TRIBUNE PHOTOS: JAIME VALDEZ - Shannon Rowbury of the Nike Oregon Project takes the women's 3,000 title during the U.S. Indoor Track and Field Championships last weekend in the Oregon Convention Center. Ryan Bailey has had March 17-20, 2016, circled on his mental calendar since it was announced in November 2013 that Portland would be play host to the IAAF World Indoor Championships.

“I knew I had to be there,” Bailey says.

Bailey, an Olympic sprinter who graduated from McKay High School in Salem and lives in Sherwood, hoped he would attend the meet as a qualifying athlete.

But last Friday, Bailey false-started in the preliminaries of the 60-meter dash and failed to advance to Saturday’s final of the U.S. Indoor Track & Field Championships at the Oregon Convention Center.

That disappointment means he won’t compete this week. But it hasn’t diminished Bailey’s excitement for this week, when many of the world’s best track and field athletes will descend on the Rose City.  

The world indoor meet, which begins Thursday and ends Sunday in the OCC, is in the United States for the first time since Indianapolis hosted in 1987.

“I’m super happy it’s in Portland, and I’ll be back here watching in the crowd for sure,” says Bailey, who won a silver medal in the 100-meter dash at the 2012 Summer Olympics in London. “I love what I do, love the sport. I wouldn’t miss it for the world.”

Bailey can’t wait to cheer on his fellow U.S. athletes as they take the first major step toward the ultimate goal of winning a gold medal at the Summer Olympics in August in Rio de Janeiro.

Former University of Oregon coach Vin Lananna will be the U.S. track and field coach for the Summer Olympics. As president of TrackTown USA, Lananna has his promoter’s hat on this week as his local organizing committee prepares to host a world championship for the first time.

“We’re going to create a new day for track and field in the United States,” Lananna says. “I think our event presentation will (make people) see a track and field event differently than it’s ever been seen before. All of our athletes will be introduced the same way that all major sports athletes are introduced.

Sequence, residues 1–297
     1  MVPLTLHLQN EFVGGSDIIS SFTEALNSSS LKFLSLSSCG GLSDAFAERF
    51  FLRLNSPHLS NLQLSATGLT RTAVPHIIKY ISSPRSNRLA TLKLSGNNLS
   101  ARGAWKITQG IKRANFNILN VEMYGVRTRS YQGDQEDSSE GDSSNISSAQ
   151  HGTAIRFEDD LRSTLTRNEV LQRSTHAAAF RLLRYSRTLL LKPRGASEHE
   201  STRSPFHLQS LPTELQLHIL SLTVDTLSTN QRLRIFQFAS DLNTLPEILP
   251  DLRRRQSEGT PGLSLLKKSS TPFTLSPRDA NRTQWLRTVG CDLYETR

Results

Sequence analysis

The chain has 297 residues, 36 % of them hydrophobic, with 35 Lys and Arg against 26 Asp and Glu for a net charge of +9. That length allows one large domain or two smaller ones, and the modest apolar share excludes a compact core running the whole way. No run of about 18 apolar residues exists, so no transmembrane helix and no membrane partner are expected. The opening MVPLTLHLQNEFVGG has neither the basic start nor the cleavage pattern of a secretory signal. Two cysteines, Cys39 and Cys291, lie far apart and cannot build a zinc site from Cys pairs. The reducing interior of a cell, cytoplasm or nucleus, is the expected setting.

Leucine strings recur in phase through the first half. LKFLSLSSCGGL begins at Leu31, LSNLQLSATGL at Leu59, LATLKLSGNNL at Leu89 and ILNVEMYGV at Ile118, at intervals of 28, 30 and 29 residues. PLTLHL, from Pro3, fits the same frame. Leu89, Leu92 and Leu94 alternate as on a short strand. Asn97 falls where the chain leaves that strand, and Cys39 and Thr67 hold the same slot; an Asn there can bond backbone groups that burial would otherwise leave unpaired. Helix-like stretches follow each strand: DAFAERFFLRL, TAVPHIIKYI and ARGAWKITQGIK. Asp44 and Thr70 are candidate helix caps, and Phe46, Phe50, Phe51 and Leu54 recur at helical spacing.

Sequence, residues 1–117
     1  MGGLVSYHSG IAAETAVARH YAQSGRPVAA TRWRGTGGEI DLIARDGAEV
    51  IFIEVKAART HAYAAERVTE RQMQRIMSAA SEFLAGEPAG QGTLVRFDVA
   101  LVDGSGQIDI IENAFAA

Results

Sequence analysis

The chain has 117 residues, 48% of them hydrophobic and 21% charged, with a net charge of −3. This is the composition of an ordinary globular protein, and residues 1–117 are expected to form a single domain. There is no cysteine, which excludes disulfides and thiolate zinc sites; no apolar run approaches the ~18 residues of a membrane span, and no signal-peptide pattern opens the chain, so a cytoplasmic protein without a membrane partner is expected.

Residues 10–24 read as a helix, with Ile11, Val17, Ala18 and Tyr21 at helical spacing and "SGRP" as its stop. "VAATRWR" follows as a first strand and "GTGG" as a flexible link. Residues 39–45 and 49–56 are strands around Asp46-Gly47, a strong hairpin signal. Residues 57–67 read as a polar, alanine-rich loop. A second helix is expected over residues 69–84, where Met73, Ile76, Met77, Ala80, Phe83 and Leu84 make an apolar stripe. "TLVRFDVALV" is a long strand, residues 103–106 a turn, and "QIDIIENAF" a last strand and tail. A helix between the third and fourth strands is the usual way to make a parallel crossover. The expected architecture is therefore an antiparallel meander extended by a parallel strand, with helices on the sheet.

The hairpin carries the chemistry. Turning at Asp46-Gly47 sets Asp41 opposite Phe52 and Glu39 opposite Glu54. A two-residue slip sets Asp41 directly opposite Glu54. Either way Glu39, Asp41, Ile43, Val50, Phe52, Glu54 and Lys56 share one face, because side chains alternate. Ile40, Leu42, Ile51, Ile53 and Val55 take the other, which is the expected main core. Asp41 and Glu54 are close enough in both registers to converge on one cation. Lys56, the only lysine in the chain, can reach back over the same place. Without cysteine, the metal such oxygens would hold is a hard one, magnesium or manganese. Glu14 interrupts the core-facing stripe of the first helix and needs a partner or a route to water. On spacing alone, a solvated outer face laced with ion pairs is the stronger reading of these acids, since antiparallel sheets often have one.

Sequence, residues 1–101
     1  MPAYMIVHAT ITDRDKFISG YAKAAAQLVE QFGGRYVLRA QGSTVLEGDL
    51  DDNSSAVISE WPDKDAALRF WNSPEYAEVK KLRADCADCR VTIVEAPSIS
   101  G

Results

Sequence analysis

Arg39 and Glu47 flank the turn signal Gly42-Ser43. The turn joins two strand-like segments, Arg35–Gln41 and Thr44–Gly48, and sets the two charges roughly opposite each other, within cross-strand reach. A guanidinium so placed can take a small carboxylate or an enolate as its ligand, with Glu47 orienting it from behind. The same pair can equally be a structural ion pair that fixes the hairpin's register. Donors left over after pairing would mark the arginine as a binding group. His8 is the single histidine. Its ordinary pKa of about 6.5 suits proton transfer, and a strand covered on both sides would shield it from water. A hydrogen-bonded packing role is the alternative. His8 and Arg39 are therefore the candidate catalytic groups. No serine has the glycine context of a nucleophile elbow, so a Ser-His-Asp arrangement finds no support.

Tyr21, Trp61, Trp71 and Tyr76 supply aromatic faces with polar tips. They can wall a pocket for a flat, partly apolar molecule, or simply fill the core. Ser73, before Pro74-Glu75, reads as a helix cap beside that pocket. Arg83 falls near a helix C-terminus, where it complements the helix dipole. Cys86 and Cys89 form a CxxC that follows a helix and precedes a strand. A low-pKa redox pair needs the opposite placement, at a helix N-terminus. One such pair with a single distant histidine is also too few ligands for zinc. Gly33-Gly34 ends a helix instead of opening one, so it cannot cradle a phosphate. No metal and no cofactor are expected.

“They’ll get a sense of how good the athletes in the United States are, and I think we’re going to carry that same enthusiasm for this facility out to Pioneer Courthouse Square for that medal ceremony.”

The square, which often is referred to as the “living room” of Portland, will serve as the site of a free four-day track and field party. Instead of having the medal ceremonies at the venue in the OCC, they will take place in Pioneer Courthouse Square and feature an orchestra that will play the national anthem of each winner’s country.

In addition to local food and beer options and free concerts, spectators can watch the action on large screens showing live feeds of the world meet taking place about two miles away.

Lananna expects the temporary 7,000-seat arena in the OCC to sell out and is hopeful that other fans will take advantage of downtown Portland’s “medal ceremony plaza” to watch it unfold.

“I think it’s really going to be something spectacular,” says Lananna, who says Salt Lake City did a similar off-site medal ceremony for the 2002 Winter Olympics.

Former Ducks standout Laura Roesler will participate after qualifying in the women’s 800 with a second-place finish at the U.S. national meet last week. Roesler was thrilled with how the OCC venue was set up and with the positive reaction she felt from the Portland fans.

“It’s always fun for me when I’m able to get a little bit more cheers because I’m an Oregon girl,” says Roesler, a Fargo, N.D., native and former NCAA champion with the Ducks. “When you hear that, it makes you feel a little bit special, like a princess. And I’m assuming that next weekend at worlds is going to be even better.”

Fellow former UO standout Matthew Centrowitz, who qualified for the world meet with a thrilling U.S. national title in the men’s 1,500 on Saturday, expects the local cheering to be for the entire U.S. team as it prepares to make a statement to the rest of the world.

“This year is all about winning championships,” Centrowitz says. “I think we’re all going to put on a good show for everybody and show them how fun track and field can be to watch in person.”

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  • IAAF World Indoor Championships

    When: Thursday-Sunday

    Where: Oregon Convention Center

    Schedule: Thursday’s only events are the men’s and women’s pole vault finals, both at 7 p.m. Competition on Friday is from 10:30 a.m.-2:30 p.m., and again from 5:15 p.m. to roughly 9 p.m. On Saturday, the morning session is from 11 a.m.-1:30 p.m., and the afternoon session goes from 5 p.m.-about 8 p.m. The Sunday schedule packs nine finals into the OCC from 12:40 p.m.-3 p.m.

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